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A Hero's Vision
October 28, 2010 - By Erik Lacitis, Seattle Times staff reporter
It would take an unusual man to decide, in a split second after witnessing a car crash, to crawl into the Subaru that had erupted into flames 8 feet high to try to save a little girl and her dad.
A week ago, early Thursday evening in Ballard, that is what Kenny Johnson did.
The accident happened a few feet from his family home and an adjoining business he owns, Rizzo's French Dip, at 7334 15th Ave. N.W.
Johnson, 40, was pulling out of the driveway, he says, when he saw a Ford Fusion heading north on the arterial at more than 60 mph. Then, there was the crash into cars waiting at a stoplight.
Johnson remembers seeing other witnesses hurry to the scene. But nobody went into the flames. "Everybody was kind of frozen," he says.
He remembers talking to himself as he went into the Subaru:
"Oh, my God, this car is gonna blow up and I'm going to be in it. Well, if does blow up, I guess I'm going straight to heaven because I'm trying to save that little girl."
He did save the 3-year-old, Anna Kotowicz, who suffered a broken arm and some bruising.
Her dad, Andy Kotowicz, 37, who had just picked up his daughter at day care, died at Harborview Medical Center three days later. He had worked for 10 years as a sales and marketing executive, and a talent scout, at Sub Pop, the Seattle record company.
That Thursday, Johnson didn't only crawl into the Subaru; he also went to help the driver of the Ford Fusion, which also was in flames.
Johnson says it looked to him as if the driver was having a seizure: twitching, eyes rolling. He splashed water on the man's face but did not try to move him. By then someone had used a fire extinguisher on both vehicles.
Police say the accident is under investigation. No citations were issued at the scene as is standard until the investigation is complete.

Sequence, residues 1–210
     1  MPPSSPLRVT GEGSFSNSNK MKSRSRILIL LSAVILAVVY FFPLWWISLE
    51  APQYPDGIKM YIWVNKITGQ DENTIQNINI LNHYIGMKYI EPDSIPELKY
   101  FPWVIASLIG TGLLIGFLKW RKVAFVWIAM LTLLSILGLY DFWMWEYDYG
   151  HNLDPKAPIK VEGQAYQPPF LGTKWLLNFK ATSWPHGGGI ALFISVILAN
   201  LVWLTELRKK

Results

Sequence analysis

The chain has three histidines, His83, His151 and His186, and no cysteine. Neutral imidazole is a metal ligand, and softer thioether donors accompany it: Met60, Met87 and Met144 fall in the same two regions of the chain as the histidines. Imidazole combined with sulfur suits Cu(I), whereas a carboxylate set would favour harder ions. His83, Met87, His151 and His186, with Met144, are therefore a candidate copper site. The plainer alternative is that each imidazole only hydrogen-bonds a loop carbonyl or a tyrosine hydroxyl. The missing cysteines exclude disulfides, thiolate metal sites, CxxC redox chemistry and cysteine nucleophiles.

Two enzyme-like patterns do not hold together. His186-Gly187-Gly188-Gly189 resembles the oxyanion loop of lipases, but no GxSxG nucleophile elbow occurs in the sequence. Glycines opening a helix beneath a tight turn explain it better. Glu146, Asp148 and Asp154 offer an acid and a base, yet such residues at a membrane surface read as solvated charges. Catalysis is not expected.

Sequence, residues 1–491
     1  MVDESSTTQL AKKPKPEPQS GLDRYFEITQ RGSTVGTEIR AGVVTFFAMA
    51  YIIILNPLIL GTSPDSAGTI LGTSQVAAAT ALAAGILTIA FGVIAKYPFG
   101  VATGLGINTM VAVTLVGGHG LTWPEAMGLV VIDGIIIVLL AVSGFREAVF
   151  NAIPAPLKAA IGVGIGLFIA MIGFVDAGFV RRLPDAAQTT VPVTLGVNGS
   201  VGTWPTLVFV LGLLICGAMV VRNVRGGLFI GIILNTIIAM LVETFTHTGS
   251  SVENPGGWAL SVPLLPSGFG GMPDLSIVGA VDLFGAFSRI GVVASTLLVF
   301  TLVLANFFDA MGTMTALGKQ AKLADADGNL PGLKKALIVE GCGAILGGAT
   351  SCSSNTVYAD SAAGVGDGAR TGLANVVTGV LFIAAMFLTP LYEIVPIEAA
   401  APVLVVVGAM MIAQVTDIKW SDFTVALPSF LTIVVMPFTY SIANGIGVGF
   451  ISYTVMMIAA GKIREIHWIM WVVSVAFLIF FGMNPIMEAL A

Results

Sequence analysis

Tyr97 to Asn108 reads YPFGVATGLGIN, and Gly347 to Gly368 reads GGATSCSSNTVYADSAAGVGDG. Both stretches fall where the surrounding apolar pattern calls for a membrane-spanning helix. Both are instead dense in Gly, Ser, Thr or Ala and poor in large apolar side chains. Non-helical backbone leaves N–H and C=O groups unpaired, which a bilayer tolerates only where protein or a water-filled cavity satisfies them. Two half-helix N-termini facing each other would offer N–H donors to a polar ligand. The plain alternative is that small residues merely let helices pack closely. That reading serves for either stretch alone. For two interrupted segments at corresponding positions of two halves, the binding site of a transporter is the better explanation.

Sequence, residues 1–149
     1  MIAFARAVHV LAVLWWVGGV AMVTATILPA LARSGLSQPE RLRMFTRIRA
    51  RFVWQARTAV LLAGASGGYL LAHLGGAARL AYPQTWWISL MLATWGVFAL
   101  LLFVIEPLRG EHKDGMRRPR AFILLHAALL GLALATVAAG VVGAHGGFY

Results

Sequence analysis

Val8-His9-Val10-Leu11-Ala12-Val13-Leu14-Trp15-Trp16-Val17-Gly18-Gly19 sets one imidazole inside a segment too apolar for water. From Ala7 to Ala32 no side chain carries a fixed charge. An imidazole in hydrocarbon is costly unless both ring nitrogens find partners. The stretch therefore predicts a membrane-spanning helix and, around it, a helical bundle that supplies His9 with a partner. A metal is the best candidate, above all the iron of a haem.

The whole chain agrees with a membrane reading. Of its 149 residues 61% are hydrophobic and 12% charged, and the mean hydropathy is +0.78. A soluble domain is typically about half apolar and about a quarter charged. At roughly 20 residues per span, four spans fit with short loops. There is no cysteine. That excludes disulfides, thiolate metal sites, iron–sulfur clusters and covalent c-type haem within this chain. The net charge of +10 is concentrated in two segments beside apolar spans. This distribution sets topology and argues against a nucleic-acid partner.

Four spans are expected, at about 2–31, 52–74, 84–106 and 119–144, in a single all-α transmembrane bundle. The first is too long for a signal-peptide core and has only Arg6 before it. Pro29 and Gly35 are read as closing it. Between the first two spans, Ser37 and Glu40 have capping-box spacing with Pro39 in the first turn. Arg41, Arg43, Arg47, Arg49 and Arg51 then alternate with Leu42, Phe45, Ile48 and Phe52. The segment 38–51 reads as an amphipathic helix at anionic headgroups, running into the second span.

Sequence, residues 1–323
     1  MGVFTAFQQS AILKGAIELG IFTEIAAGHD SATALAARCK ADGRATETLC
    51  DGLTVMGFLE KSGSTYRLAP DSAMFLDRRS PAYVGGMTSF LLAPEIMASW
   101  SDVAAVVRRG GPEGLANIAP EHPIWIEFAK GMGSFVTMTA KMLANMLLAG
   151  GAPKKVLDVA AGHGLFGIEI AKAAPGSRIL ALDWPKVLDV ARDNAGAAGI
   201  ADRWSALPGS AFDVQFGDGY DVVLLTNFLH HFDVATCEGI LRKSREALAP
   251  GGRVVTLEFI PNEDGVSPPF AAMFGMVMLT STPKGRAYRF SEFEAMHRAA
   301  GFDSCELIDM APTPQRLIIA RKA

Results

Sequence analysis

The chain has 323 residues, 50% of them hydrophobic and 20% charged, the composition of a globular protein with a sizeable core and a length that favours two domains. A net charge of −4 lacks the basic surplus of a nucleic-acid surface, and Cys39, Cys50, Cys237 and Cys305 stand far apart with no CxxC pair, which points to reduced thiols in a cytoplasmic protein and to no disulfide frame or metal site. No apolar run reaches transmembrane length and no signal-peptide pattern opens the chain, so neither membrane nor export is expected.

Amid the crackling and popping of the car on fire, Johnson says he heard the cries of the 3-year-old, "a beautiful princess with blonde hair and blue eyes."
"The car was literally like only 5 feet long. The back was totally smashed. The front was totally smashed. The car seat in which the little girl was in the back had been pushed up front," remembers Johnson.
"I looked in the front window and saw the gentleman. He was lifeless. I keep hearing the baby crying.
"I go to the passenger side. I don't remember this, but people afterward told me that when I couldn't open the door, I ripped it off the hinges. I jump into the car. For a few seconds, it's like there is no sound, no smell, everything is in slow motion. I can't explain it any other way."
Johnson managed to unbuckle the girl. He put her against his shoulder, carried her to the sidewalk and handed her to a woman who works in a nearby salon.
Days passed, and Johnson went back to his routine.
That is, until Tuesday morning around 6, he says.
"My wife is next to me in bed. She's sleeping. Everything is where it's supposed to be," says Johnson. "Then there is this man standing right by the bed. He says he needs help with a few things. I say, 'OK.'
"Now, I know it's him (Kotowicz) even though the only time I had seen him was at the accident, when he didn't look, you know, normal. He says he wants me to give a message to his wife and to his daughter. That's private so I can't tell you about that message.
"He also tells me to talk to the people at Sub Pop, he wants to let them know not to be mad at the driver that caused the accident. That's his message."
Johnson says that later that day, he went to the Sub Pop website, and there it was, a memorial photo of the man who had stood by his bed: Kotowicz.
That same Tuesday, he went to the Seattle downtown headquarters of Sub Pop and met with the staff and told them about the vision.
The staff greeted with tears the man who had saved their co-worker's daughter.
Chris Jacobs, general manager at Sub Pop, says about the vision, "We're dumbfounded and rapt."
See also "What to make of a hero's vision" by Nicole Brodeur, Seattle Times staff columnist
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